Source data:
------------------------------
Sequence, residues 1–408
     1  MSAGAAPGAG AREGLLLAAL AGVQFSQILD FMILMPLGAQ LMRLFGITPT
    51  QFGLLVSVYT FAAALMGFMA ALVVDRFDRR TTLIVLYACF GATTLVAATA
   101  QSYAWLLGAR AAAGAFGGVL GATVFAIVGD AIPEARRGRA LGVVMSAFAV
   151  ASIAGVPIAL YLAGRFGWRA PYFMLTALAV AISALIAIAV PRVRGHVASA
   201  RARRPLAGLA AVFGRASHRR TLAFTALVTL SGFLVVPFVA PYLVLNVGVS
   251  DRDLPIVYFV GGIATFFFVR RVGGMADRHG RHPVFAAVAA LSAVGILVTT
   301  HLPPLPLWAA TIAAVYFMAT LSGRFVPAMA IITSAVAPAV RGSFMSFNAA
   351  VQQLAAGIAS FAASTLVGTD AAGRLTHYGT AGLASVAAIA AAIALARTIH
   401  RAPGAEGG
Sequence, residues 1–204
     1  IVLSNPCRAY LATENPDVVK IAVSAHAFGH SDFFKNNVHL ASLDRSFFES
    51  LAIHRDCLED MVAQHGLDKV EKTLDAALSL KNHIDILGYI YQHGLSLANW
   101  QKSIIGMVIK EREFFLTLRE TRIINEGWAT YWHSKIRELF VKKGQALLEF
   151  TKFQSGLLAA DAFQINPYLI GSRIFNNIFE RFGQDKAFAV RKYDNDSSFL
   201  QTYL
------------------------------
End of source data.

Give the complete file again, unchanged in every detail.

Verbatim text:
Sequence, residues 1–408
     1  MSAGAAPGAG AREGLLLAAL AGVQFSQILD FMILMPLGAQ LMRLFGITPT
    51  QFGLLVSVYT FAAALMGFMA ALVVDRFDRR TTLIVLYACF GATTLVAATA
   101  QSYAWLLGAR AAAGAFGGVL GATVFAIVGD AIPEARRGRA LGVVMSAFAV
   151  ASIAGVPIAL YLAGRFGWRA PYFMLTALAV AISALIAIAV PRVRGHVASA
   201  RARRPLAGLA AVFGRASHRR TLAFTALVTL SGFLVVPFVA PYLVLNVGVS
   251  DRDLPIVYFV GGIATFFFVR RVGGMADRHG RHPVFAAVAA LSAVGILVTT
   301  HLPPLPLWAA TIAAVYFMAT LSGRFVPAMA IITSAVAPAV RGSFMSFNAA
   351  VQQLAAGIAS FAASTLVGTD AAGRLTHYGT AGLASVAAIA AAIALARTIH
   401  RAPGAEGG
Sequence, residues 1–204
     1  IVLSNPCRAY LATENPDVVK IAVSAHAFGH SDFFKNNVHL ASLDRSFFES
    51  LAIHRDCLED MVAQHGLDKV EKTLDAALSL KNHIDILGYI YQHGLSLANW
   101  QKSIIGMVIK EREFFLTLRE TRIINEGWAT YWHSKIRELF VKKGQALLEF
   151  TKFQSGLLAA DAFQINPYLI GSRIFNNIFE RFGQDKAFAV RKYDNDSSFL
   201  QTYL